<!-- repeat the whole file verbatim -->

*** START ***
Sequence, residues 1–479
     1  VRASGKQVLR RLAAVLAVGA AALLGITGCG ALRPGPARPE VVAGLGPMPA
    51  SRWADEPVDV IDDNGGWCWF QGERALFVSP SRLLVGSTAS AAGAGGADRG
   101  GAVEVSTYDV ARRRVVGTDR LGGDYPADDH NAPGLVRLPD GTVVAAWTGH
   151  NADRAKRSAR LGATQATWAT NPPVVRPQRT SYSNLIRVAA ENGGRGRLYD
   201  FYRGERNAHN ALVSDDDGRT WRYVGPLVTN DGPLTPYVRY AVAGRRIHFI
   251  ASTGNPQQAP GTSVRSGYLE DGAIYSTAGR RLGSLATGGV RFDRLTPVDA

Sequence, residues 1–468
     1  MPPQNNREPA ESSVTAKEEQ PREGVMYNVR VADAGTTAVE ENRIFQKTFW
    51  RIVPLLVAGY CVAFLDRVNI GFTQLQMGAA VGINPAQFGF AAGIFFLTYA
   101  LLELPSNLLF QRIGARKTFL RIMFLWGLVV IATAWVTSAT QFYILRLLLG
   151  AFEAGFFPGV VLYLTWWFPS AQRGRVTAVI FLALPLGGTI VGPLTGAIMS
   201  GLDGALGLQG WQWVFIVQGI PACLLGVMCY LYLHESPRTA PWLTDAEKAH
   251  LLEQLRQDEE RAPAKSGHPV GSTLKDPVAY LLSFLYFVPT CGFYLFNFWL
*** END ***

Sequence, residues 1–479
     1  VRASGKQVLR RLAAVLAVGA AALLGITGCG ALRPGPARPE VVAGLGPMPA
    51  SRWADEPVDV IDDNGGWCWF QGERALFVSP SRLLVGSTAS AAGAGGADRG
   101  GAVEVSTYDV ARRRVVGTDR LGGDYPADDH NAPGLVRLPD GTVVAAWTGH
   151  NADRAKRSAR LGATQATWAT NPPVVRPQRT SYSNLIRVAA ENGGRGRLYD
   201  FYRGERNAHN ALVSDDDGRT WRYVGPLVTN DGPLTPYVRY AVAGRRIHFI
   251  ASTGNPQQAP GTSVRSGYLE DGAIYSTAGR RLGSLATGGV RFDRLTPVDA

Sequence, residues 1–468
     1  MPPQNNREPA ESSVTAKEEQ PREGVMYNVR VADAGTTAVE ENRIFQKTFW
    51  RIVPLLVAGY CVAFLDRVNI GFTQLQMGAA VGINPAQFGF AAGIFFLTYA
   101  LLELPSNLLF QRIGARKTFL RIMFLWGLVV IATAWVTSAT QFYILRLLLG
   151  AFEAGFFPGV VLYLTWWFPS AQRGRVTAVI FLALPLGGTI VGPLTGAIMS
   201  GLDGALGLQG WQWVFIVQGI PACLLGVMCY LYLHESPRTA PWLTDAEKAH
   251  LLEQLRQDEE RAPAKSGHPV GSTLKDPVAY LLSFLYFVPT CGFYLFNFWL